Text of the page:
From its handling of the discount window and details about which banks and institutions are knocking on it to specifics about the Bear Stearns “collateral” it bought up, not to mention its role in the AIG bailout and the billions in payouts it approved to make good on credit default swaps with institutions like Goldman Sachs, the Fed is, and prefers to be, a creature of the shadows of cozy-club decision-making and not of the sunlight that affords transparent scrutiny.  It operates in a world that hangs on its every word, yet that word is often issued by fiat, with little consideration shown to notions of public accountability.  What banks and Wall Street want, however, is often a different matter.  We know little about where the lives of Wall Street titans and Fed governors intersect.  But if it is anything like what happens at the New York Fed, as we have noted before, where Wall Street titans are that institution’s governors, there is reason for Main Street to be worried.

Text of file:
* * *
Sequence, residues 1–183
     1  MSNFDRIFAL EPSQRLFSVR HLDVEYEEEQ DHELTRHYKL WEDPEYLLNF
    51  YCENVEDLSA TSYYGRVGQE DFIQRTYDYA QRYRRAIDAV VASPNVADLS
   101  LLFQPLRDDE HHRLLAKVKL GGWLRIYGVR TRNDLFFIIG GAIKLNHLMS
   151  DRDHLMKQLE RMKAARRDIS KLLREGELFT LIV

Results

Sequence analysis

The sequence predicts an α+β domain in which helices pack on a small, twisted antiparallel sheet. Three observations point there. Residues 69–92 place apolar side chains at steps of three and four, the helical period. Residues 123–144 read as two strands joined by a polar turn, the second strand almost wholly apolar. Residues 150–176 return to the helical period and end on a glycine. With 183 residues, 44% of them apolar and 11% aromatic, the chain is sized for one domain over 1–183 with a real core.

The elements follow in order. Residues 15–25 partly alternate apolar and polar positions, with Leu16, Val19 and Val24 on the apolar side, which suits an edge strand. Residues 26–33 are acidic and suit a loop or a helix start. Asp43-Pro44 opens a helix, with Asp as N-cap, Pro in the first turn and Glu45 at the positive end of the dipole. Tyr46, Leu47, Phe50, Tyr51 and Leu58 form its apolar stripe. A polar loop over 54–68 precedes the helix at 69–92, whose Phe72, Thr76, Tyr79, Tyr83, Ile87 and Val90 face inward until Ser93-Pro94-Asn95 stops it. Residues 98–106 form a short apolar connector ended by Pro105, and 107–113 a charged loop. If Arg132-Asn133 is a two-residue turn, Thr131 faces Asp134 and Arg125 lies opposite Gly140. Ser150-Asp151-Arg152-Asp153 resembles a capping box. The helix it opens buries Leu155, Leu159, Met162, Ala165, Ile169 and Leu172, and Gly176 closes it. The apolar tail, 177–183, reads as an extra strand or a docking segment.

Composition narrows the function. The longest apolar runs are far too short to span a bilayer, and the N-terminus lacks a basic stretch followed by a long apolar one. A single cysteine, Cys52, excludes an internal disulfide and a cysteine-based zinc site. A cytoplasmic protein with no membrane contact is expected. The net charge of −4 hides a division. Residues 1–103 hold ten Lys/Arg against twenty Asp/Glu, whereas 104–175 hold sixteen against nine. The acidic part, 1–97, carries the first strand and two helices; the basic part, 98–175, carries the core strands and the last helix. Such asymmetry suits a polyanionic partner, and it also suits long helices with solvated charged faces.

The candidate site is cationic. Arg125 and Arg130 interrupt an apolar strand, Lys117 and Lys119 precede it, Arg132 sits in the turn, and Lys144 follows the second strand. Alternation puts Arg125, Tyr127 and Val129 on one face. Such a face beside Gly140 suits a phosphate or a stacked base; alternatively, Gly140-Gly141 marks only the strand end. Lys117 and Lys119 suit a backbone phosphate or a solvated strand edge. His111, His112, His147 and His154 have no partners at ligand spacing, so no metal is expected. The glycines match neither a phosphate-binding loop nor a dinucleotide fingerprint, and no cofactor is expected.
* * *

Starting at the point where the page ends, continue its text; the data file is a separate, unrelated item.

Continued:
As it has handled the crisis of the past year or so –the crisis it never saw coming– the Fed has taken interest rates to zero (for banks; not consumers, where credit card rates are proportionally higher than at any time in human history), smashed open the dams of liquidity, and created a Fed cash-for-clunkers program for broken-down financial assets that has no precedent in the annals of economic thought.  In doing so, it has created an artificial market from which Wall Street is the most significant beneficiary, even though it was the principal source of the problems.  Its moves to provide everything Wall Street wanted have permitted bonuses and huge pay days to be resumed, with barely an interruption.  Outside Wall Street, job losses continue to mount and Main Street still awaits the arrival of the famous Fed-promised trickle-down economy.